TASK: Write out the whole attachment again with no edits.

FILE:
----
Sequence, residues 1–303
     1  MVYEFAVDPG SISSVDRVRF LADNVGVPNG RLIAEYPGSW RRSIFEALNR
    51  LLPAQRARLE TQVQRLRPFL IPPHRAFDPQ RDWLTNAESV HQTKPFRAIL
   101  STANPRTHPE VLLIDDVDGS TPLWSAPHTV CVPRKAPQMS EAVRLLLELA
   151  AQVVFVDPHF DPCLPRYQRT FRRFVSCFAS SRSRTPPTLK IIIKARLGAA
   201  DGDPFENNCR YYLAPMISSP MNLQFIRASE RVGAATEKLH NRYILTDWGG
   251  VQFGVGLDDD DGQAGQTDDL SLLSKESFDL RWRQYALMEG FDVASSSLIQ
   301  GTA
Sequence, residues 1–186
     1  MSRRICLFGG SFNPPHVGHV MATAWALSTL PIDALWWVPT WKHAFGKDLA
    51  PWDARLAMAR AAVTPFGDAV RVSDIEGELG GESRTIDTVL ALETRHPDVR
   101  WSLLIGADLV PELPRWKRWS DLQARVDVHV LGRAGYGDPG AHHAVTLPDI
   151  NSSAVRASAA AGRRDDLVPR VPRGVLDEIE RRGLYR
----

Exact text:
Sequence, residues 1–303
     1  MVYEFAVDPG SISSVDRVRF LADNVGVPNG RLIAEYPGSW RRSIFEALNR
    51  LLPAQRARLE TQVQRLRPFL IPPHRAFDPQ RDWLTNAESV HQTKPFRAIL
   101  STANPRTHPE VLLIDDVDGS TPLWSAPHTV CVPRKAPQMS EAVRLLLELA
   151  AQVVFVDPHF DPCLPRYQRT FRRFVSCFAS SRSRTPPTLK IIIKARLGAA
   201  DGDPFENNCR YYLAPMISSP MNLQFIRASE RVGAATEKLH NRYILTDWGG
   251  VQFGVGLDDD DGQAGQTDDL SLLSKESFDL RWRQYALMEG FDVASSSLIQ
   301  GTA
Sequence, residues 1–186
     1  MSRRICLFGG SFNPPHVGHV MATAWALSTL PIDALWWVPT WKHAFGKDLA
    51  PWDARLAMAR AAVTPFGDAV RVSDIEGELG GESRTIDTVL ALETRHPDVR
   101  WSLLIGADLV PELPRWKRWS DLQARVDVHV LGRAGYGDPG AHHAVTLPDI
   151  NSSAVRASAA AGRRDDLVPR VPRGVLDEIE RRGLYR